This year’s financial reporting season has been a particularly fraught one. Not just for the obvious reasons you’d expect in these times – last-minute disruptions to schedules, the challenges of remote working, unavailability of data from operations hit by the pandemic – but also because of the burden that increased stress and anxiety place on our working relationships.
Under stress, the limbic system (the body’s complex system of nerves and networks concerned with instinct and mood) tends to override the executive functions of the brain, which can cause people to have trouble in focusing or in controlling their impulses. I have certainly suffered from ‘brain fog’ many times in recent months – and I have made some very odd purchases (did you know you can get any text you like translated into Old Persian and transcribed into cuneiform on a clay tablet? Well, you can!).
Anecdotal evidence suggests that everyone is experiencing the same thing, and these impacts are not confined to leisure time. In the workplace they are causing workplace relationships to shift, as previously negotiated (if often unspoken) ways of interacting.
One might find formerly laissez-faire leaders engage in sudden bouts of micromanagement or previously reliable self-starters become scatter-brained and needy. The situation is made worse because we are unable to meet face to face and re-establish the personal connections that underpin so many of our interactions.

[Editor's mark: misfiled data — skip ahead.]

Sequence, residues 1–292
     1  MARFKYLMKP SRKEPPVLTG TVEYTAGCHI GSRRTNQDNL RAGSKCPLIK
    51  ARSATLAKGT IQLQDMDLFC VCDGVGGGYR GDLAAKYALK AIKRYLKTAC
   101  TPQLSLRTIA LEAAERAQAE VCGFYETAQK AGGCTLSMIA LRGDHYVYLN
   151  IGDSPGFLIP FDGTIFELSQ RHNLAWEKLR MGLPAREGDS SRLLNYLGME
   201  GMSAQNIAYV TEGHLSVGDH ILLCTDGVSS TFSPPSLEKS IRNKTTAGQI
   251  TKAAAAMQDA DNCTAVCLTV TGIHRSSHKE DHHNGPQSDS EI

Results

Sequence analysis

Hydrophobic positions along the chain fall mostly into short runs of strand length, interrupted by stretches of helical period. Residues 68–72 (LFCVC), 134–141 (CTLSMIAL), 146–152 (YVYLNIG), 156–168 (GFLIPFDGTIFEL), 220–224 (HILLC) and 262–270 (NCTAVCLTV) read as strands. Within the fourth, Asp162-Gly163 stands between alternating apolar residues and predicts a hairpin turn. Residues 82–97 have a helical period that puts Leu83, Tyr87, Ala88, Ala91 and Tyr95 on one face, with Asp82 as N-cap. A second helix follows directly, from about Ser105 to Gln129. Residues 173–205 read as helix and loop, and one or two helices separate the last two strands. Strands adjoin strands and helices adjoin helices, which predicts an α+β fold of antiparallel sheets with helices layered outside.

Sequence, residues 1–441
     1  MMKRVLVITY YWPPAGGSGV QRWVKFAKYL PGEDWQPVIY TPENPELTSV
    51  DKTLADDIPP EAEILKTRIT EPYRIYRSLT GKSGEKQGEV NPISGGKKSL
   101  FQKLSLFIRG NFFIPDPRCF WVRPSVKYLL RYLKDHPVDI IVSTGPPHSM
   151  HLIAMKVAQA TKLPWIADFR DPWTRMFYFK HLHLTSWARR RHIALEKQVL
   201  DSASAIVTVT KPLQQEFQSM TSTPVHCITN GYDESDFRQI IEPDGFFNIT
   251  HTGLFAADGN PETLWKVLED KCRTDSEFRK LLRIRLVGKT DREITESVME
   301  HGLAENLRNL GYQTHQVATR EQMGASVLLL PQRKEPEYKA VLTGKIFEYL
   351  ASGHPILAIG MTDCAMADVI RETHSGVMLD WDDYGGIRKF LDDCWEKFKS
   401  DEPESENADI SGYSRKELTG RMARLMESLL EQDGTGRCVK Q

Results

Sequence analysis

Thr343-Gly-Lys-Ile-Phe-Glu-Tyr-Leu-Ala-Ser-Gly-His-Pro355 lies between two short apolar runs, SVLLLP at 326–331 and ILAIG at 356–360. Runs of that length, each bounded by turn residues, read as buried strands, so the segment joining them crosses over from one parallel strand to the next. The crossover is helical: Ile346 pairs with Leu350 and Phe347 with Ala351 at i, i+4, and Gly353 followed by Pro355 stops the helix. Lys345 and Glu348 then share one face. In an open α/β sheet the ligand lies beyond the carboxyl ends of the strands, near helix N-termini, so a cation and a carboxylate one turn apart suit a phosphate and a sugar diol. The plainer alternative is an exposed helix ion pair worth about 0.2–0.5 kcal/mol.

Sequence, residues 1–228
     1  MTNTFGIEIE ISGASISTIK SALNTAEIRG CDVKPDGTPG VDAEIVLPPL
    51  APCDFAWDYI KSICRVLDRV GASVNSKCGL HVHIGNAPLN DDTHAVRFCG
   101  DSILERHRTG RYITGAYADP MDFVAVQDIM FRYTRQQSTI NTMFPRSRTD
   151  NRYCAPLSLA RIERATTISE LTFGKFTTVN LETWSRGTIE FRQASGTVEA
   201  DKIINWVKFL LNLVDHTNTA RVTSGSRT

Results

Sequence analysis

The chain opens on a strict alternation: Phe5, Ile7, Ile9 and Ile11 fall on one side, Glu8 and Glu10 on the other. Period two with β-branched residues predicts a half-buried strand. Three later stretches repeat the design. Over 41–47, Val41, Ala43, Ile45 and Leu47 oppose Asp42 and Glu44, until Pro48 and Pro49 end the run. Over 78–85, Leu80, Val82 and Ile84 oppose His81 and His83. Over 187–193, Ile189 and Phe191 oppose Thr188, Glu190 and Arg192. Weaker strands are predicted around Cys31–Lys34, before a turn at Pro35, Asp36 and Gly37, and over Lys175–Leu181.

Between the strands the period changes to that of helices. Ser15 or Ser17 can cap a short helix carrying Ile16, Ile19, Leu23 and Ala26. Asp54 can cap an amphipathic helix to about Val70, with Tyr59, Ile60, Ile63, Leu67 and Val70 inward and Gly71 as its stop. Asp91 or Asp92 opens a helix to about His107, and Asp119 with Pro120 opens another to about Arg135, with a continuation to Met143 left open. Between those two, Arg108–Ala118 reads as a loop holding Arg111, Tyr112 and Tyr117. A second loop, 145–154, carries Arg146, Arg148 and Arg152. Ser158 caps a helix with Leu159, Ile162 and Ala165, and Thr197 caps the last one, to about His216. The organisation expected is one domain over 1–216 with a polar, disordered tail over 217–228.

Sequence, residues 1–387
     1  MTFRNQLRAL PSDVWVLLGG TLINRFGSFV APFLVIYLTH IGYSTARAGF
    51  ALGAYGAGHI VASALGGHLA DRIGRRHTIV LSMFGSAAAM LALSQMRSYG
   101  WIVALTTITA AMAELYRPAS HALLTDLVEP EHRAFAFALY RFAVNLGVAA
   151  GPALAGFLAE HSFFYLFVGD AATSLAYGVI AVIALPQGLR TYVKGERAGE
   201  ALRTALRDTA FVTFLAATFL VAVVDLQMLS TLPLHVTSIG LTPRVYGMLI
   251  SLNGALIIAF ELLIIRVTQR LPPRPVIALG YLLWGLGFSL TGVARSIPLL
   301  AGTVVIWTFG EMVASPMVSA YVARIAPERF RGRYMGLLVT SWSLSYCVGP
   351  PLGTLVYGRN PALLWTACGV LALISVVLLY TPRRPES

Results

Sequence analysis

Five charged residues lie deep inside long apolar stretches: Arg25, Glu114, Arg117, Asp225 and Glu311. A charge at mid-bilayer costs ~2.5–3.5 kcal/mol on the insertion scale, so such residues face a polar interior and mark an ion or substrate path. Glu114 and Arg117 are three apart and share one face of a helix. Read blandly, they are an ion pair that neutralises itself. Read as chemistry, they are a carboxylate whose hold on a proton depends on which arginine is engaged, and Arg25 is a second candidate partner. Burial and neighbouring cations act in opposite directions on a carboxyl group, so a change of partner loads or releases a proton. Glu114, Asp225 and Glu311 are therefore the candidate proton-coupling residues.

To deal with this, leaders need to draw on their full capacity for ‘emotional labour’. The concept describes the work of managing your emotions and expression to achieve a desired impact on those you are dealing with. It was first developed by the sociologist Arlie Hochschild to describe how employees in service roles have to actively regulate their emotions in order to please customers.
Something like emotional labour is increasingly recognised as a critical skill for leaders. For example, Harvard Business School recently surveyed 600 CEOs and found that the need for empathy and to maintain self-control and focus during the pandemic were ‘dramatically heightened’. As one leader said: ‘Keeping in mind that the person on the other end of a call may be having a dramatic experience during this crisis is an important subtext for how they are navigating the conversation with me.’
Putting your own emotional needs and responses aside so you can consider and allow for those of others takes energy and discipline
Emotional labour is not a zero-cost activity, but it very often goes unnoticed in a world that has historically undervalued soft skills. Putting your own emotional needs and responses aside so you can consider and allow for those of others takes energy and discipline. Empathising with and supporting the emotional needs of your colleagues can be just as draining.
You need to notice when the work of emotional labour is being performed, to recognise its value and to support it – whether it is being done by you or by members of your team. It may be the most important thing you do as a leader.